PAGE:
Is This How to Get Conversations About Farmed Animals Started at a Church Near You?
Animals: Tradition - Philosophy - Religion

FROM David Clough, SARX: For All God's Creatures
November 2020

We’re hoping that the framework will be a catalyst for churches at local, regional, and national level to get to grips with appropriate policy and practice in relation to a pressing ethical question with implications for the lives of millions of farmed animals.

farmed Cow
Jenny HIll - Unsplash

I meet lots of Christians who are convinced their faith has important implications for the consumption of animals, but who struggle to find ways to start conversations about it with fellow church members. I share this concern, and hope that the research project I’ve been working on over the past couple of years may be helpful. On Wednesday 18th November at 1 pm CEFAW is holding a launch event for our report ‘The Christian Ethics of Farmed Animal Welfare: A Policy Framework for Churches and Christian Organizations’. You can register to attend here, which will also give you advance access to the report from 16th November.

So why might this initiative be helpful new step?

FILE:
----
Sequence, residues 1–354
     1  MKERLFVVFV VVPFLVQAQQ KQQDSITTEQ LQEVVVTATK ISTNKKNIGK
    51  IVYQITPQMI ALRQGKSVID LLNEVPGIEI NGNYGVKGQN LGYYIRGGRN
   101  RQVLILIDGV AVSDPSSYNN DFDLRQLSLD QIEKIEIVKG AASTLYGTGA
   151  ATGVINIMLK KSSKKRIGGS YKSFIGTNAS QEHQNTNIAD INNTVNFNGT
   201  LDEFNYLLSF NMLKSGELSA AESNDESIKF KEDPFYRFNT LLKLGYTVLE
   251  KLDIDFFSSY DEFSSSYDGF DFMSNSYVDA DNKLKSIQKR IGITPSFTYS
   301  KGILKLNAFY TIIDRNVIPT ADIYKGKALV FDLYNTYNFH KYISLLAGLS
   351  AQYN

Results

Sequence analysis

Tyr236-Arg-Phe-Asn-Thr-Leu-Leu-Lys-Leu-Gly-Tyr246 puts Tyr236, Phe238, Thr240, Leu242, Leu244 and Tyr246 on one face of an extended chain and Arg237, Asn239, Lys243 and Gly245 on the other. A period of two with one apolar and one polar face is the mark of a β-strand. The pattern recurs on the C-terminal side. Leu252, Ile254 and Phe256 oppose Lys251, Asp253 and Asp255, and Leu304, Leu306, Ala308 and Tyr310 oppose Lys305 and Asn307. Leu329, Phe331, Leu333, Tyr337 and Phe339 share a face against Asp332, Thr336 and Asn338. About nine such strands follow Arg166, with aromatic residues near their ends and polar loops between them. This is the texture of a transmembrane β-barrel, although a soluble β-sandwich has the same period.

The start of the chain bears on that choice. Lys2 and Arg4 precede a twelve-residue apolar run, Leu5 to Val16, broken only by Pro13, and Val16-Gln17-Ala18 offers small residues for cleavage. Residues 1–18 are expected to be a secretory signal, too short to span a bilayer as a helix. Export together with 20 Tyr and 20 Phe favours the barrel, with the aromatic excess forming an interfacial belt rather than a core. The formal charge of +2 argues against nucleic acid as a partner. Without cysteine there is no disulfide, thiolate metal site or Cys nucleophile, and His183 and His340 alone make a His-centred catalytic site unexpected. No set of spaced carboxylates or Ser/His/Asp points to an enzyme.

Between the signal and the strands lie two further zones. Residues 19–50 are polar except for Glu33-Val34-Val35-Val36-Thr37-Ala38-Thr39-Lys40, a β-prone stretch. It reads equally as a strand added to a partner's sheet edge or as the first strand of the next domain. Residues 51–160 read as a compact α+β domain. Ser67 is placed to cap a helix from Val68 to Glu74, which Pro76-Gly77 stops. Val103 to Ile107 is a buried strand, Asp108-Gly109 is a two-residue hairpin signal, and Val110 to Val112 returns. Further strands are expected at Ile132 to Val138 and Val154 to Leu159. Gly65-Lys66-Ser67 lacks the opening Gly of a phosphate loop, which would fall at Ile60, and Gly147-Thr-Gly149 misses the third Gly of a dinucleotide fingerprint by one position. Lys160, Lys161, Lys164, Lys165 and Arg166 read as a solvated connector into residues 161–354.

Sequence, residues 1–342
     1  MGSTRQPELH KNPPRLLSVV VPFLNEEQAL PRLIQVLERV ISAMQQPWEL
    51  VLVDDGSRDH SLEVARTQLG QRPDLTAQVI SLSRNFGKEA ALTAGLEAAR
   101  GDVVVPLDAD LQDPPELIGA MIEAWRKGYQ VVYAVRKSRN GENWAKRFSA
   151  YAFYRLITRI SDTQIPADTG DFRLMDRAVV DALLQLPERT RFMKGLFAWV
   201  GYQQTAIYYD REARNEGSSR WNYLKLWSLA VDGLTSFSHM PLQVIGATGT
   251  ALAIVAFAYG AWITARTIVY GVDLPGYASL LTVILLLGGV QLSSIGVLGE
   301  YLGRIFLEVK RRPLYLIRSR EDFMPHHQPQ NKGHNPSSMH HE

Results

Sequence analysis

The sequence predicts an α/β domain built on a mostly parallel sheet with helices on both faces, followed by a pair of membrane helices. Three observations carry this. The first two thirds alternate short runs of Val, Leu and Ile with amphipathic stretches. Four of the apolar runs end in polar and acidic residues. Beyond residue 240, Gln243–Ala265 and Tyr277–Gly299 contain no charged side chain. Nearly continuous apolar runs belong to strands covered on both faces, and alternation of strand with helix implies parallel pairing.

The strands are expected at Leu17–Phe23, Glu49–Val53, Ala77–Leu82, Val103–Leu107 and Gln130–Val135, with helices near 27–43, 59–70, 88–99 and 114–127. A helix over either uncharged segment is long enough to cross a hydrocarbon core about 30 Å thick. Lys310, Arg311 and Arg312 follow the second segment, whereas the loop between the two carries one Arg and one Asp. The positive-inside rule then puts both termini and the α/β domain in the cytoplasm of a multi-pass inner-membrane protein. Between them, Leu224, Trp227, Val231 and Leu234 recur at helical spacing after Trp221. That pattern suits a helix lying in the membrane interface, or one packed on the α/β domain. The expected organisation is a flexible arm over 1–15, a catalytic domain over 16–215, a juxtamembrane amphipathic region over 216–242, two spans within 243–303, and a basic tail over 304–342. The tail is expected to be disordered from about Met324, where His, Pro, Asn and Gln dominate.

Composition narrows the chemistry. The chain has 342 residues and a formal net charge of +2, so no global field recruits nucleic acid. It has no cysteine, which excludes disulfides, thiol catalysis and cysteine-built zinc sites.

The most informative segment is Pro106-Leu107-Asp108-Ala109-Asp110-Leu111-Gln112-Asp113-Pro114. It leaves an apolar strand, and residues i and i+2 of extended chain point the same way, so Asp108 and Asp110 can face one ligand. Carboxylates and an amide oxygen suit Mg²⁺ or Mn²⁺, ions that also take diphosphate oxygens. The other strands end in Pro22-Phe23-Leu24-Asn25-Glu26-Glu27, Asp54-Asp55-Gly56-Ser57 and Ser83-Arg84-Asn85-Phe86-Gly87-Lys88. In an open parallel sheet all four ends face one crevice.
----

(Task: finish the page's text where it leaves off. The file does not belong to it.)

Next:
First, we’ve been working from the outset with representatives from major UK churches at a national level (Church of England, Church of Scotland, Church in Wales, Methodist Church, Roman Catholic Church, United Reformed Church) as well as a wide range of other partner organizations. That means that our work has been shaped by discussions about how concern about farmed animals is received by church congregations. We’ve had to think about a way of framing the issues that opens conversations rather than closes them down, especially for churches in rural communities. We’ve taken time to listen to feedback from our partners and other groups on successive drafts of our framework, and have revised what we’re saying and how we’re saying it in response. The result, we hope, presents concerns for farmed animals in a way that will appeal to as many Christians as possible.